# Proof that $\left(\sum^n_{k=1}x_k\right)\left(\sum^n_{k=1}y_k\right)\geq n^2$

If $x_1,...,x_n$ are positive real numbers and if $y_k=1/x_k$, prove that $$\left(\sum^n_{k=1}x_k\right)\left(\sum^n_{k=1}y_k\right)\geq n^2.$$

I've been learning induction, and I've come across this problem that I really can't even break down and begin to think about. I've been told it has something to do with Cauchy-Schwarz, but I cannot figure out how to apply it. I would appreciate help figuring out how to go about and formulate this proof. Thanks!

• Does it help to call $x_k$ by the name of $a_k^2$? – Daniel Fischer Sep 25 '13 at 1:15
• Cauchy-Schwarz inequality has sum of $a_k^2$ and sum of $b_k^2$ terms multiplied together. Can you guess that? – peterwhy Sep 25 '13 at 1:16
• One way to begin on a problem like this is to take a small $n$ and see what's going on. For $n=2$ the inequality is $$(a+b)\left(\frac{1}{a} + \frac{1}{b}\right) \geq 4$$. Can you show that? – Matthew Leingang Jul 26 '16 at 17:03
• Just use the Cauchy-Schwarz Inequality with $x_i=\sqrt{a_i}$ and $y_i=\frac{1}{\sqrt{a_i}}$. – Mark Viola Jul 26 '16 at 17:18

There are couple of ways to prove this. One way is via AM-GM, i.e., we have $$\sum_{k=1}^n x_k \geq n \sqrt[n]{x_1 x_2 \ldots x_n}$$ and $$\sum_{k=1}^n \dfrac1{x_k} \geq n \sqrt[n]{\dfrac1{x_1 x_2 \ldots x_n}}$$ Multiplying the two, we get what we want.

Another way is consider the vectors $$\left(\sqrt{x_1},\sqrt{x_2}, \ldots, \sqrt{x_n} \right) \text{ and }\left(\dfrac1{\sqrt{x_1}},\dfrac1{\sqrt{x_2}}, \ldots, \dfrac1{\sqrt{x_n}} \right)$$ and apply Cauchy-Schwarz to get what you want.

• In the first proof you are actually proving the AM-HM inequality ;) – N. S. Sep 25 '13 at 1:23
• Very helpful. Thank you! :) – Jackson Sep 25 '13 at 1:29

You can in fact prove it by induction on $n$. For the induction step observe that

\begin{align*} \left(\sum_{k=1}^{n+1}x_k\right)\left(\sum_{k=1}^{n+1}\frac1{x_k}\right)&=\left(\sum_{k=1}^nx_k+x_{n+1}\right)\left(\sum_{k=1}^n\frac1{x_k}+\frac1{x_{n+1}}\right)\\ &=\left(\sum_{k=1}^nx_k\right)\left(\sum_{k=1}^n\frac1{x_k}\right)+x_{n+1}\sum_{k=1}^n\frac1{x_k}+\frac1{x_{n+1}}\sum_{k=1}^nx_k+1\\ &\ge n^2+1+x_{n+1}\sum_{k=1}^n\frac1{x_k}+\frac1{x_{n+1}}\sum_{k=1}^nx_k\;; \end{align*}

$(n+1)^2=n^2+2n+1$, so to finish the step, it suffices to show that

$$x_{n+1}\sum_{k=1}^n\frac1{x_k}+\frac1{x_{n+1}}\sum_{k=1}^nx_k\ge 2n\;.$$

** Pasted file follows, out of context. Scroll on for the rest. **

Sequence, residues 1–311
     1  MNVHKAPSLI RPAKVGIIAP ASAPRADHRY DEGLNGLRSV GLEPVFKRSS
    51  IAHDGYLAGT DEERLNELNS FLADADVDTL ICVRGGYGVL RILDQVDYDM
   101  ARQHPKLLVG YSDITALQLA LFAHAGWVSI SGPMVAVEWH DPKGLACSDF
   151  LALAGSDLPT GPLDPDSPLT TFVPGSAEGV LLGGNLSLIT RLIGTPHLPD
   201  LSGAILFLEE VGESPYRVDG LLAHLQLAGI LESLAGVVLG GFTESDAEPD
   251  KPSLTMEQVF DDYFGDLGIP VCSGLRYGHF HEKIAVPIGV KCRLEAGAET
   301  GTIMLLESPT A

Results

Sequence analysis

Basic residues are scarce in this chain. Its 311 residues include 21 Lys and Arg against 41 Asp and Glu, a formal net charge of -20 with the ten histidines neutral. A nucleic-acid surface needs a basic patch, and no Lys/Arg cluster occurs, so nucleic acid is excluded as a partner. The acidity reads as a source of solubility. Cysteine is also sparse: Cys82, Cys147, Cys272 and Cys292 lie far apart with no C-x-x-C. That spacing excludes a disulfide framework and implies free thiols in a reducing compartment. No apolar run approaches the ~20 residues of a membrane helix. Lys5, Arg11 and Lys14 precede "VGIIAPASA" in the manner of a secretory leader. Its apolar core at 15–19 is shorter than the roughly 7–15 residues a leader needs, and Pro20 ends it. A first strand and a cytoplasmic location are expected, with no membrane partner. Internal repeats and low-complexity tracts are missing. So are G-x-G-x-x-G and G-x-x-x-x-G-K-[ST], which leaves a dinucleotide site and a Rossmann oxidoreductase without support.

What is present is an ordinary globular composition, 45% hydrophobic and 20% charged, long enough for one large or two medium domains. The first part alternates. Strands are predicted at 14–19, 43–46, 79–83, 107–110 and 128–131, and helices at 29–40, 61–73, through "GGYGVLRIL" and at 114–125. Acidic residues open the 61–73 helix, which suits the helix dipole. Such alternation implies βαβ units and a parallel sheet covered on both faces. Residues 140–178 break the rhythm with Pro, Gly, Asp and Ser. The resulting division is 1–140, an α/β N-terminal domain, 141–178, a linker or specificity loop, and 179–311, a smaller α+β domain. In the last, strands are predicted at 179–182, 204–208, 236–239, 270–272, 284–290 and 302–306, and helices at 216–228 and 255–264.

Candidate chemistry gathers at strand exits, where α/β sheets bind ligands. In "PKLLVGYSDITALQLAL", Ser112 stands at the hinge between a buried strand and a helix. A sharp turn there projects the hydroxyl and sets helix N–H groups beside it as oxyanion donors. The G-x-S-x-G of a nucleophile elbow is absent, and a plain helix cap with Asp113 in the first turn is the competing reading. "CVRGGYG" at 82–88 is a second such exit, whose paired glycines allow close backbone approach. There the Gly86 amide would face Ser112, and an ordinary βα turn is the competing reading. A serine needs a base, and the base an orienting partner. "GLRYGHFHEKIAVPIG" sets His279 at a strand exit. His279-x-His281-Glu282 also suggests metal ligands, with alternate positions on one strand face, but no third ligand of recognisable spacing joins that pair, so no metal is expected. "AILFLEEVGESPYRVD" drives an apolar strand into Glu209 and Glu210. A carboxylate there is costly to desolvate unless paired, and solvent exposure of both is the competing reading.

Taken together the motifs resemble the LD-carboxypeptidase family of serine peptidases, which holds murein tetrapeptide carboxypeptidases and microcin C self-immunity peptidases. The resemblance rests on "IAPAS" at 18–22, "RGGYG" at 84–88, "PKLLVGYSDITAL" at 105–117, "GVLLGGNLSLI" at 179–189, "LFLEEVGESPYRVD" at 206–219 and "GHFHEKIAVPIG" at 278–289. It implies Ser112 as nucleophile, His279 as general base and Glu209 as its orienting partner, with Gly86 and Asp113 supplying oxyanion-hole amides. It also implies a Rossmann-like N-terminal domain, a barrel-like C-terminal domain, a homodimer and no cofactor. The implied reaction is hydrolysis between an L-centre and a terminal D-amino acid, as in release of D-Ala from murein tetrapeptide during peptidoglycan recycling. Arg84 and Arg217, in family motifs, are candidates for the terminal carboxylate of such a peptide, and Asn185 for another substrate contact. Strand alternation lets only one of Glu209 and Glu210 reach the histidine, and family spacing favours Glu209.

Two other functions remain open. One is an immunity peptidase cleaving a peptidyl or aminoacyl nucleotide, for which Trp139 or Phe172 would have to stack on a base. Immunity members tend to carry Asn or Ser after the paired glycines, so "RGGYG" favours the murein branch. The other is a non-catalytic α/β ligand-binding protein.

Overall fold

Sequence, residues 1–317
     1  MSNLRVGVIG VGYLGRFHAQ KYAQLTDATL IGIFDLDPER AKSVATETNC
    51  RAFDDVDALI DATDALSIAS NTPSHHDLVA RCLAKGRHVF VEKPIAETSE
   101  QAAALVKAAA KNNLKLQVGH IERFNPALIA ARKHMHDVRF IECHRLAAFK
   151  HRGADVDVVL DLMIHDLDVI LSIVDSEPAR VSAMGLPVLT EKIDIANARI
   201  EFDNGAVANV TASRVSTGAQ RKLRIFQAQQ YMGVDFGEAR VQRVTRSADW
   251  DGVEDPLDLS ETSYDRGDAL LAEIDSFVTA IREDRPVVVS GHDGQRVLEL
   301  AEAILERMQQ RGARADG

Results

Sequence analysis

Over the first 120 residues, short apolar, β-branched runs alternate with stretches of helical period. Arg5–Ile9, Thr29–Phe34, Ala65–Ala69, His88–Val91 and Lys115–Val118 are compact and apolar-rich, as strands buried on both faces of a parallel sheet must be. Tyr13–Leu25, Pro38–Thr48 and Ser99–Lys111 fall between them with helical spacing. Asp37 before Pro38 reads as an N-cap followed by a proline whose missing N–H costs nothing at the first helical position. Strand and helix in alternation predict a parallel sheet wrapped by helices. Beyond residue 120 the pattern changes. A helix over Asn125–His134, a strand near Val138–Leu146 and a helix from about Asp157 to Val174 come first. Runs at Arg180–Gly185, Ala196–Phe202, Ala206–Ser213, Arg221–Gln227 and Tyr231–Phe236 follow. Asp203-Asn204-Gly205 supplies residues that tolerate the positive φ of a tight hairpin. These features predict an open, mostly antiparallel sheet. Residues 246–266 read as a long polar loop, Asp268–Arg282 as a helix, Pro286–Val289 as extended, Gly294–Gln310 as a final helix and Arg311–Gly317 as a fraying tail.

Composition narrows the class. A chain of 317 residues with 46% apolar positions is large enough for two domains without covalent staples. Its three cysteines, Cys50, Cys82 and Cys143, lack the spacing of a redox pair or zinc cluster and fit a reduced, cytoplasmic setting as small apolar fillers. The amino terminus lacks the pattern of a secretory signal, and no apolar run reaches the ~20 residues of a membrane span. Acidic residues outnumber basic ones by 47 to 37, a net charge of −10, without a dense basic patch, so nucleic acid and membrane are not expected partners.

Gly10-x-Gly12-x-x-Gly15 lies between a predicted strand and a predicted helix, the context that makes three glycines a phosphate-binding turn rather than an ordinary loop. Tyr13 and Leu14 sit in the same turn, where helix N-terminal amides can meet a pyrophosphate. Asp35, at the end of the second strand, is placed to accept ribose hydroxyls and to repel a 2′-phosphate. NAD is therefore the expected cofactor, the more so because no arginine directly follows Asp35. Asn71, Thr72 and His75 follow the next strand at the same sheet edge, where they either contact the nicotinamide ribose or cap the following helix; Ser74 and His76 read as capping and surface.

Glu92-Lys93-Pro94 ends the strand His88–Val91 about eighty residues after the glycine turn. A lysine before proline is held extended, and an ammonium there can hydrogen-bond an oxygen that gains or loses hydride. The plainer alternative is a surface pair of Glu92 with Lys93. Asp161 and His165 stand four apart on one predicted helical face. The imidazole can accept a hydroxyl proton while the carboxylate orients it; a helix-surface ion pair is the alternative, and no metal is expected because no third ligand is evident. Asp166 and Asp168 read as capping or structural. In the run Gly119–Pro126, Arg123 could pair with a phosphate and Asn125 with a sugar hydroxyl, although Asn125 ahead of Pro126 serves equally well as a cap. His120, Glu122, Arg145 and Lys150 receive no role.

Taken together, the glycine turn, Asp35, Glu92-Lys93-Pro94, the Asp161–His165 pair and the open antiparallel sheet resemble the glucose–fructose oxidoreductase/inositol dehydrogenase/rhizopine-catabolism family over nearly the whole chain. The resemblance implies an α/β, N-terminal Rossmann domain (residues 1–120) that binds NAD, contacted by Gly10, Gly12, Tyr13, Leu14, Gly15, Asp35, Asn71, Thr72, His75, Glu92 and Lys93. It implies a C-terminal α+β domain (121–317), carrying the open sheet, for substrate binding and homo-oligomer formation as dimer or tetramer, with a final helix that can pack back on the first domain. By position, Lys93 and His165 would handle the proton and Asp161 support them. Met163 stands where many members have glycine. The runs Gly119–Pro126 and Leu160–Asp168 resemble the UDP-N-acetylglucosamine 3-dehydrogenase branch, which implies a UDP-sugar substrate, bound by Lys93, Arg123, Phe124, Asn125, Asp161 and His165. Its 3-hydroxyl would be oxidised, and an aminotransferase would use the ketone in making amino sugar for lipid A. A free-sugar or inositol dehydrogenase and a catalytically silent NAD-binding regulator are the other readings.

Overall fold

For $k=1,\ldots,n$ let $u_k=\dfrac{x_k}{x_{n+1}}$; then

$$x_{n+1}\sum_{k=1}^n\frac1{x_k}+\frac1{x_{n+1}}\sum_{k=1}^nx_k=\sum_{k=1}^n\left(\frac1{u_k}+u_k\right)\;,$$

and it’s not hard to show that if $u>0$, then $\dfrac1u+u\ge 2$, either by showing that $f(u)=\frac1u+u$ on the positive reals has a minimum at $u=1$, or by observing that for $u>0$ we have $f(u)\ge 2$ if and only if $u^2+1\ge 2u$ and showing that this inequality is always true.

The function $$f(x)=\frac{1}{x}$$ Is convex on $$(0,\infty)$$, so for $$a_1,\ldots,a_n>0$$ we have $$\frac{n}{a_1+\cdots+a_n}\leq\frac{1}{na_1}+\cdots+\frac{1}{na_n}.$$ Rearranging, we obtain the result.

$$\left(\sum_{k=1}^n {\sqrt{x_k}}^2\right)\left(\sum_{k=1}^n {\sqrt{x_k^{-1}}}^2\right) \ge \left(\sum_{k=1}^n {\sqrt{x_k}}\sqrt{x_k^{-1}}\right)^2 = n^2$$

We let $$x_{i+n}=x_i$$ for $$i\in\{1,2\dots n\}$$ .What you have is $$\sum_\limits{i=1}^n (\frac{x_1}{x_{1+i}}+\frac{x_2}{x_{2+i}}+\dots \frac{x_n}{x_{n+i}}).$$

By the rearrangement inequality each of these summands is greater than $$1+1+\dots +1=n$$

\begin{align} \sum_{k = 1}^{n}\left(\sqrt{x_{k}\,} + {\mu \over \sqrt{x_{k}\,}}\right)^{2} &\geq 0\,, \qquad \mu \in {\mathbb R} \\[3mm] \left(\sum_{k = 1}^{n}{1 \over x_{k}}\right)\mu^{2} + 2n\mu + \left(\sum_{k = 1}^{n}x_{k}\right) &\geq 0 \\ \left(2n\right)^{2} - 4\left(\sum_{k = 1}^{n}{1 \over x_{k}}\right)\left(\sum_{k = 1}^{n}x_{k}\right) & \leq 0 \end{align}

$$\begin{array}{|c|}\hline\\ \color{#ff0000}{\large\quad% \sum_{k = 1}^{n}x_{k}\sum_{k = 1}^{n}{1 \over x_{k}} \color{#000000}{\ \geq\ } n^{2} \quad} \\ \\ \hline \end{array}$$

You can use Cauchy-Schwarz inequality with $$u_i = \sqrt{x_i}$$ and $$v_i=\frac{1}{\sqrt{x_i}}$$.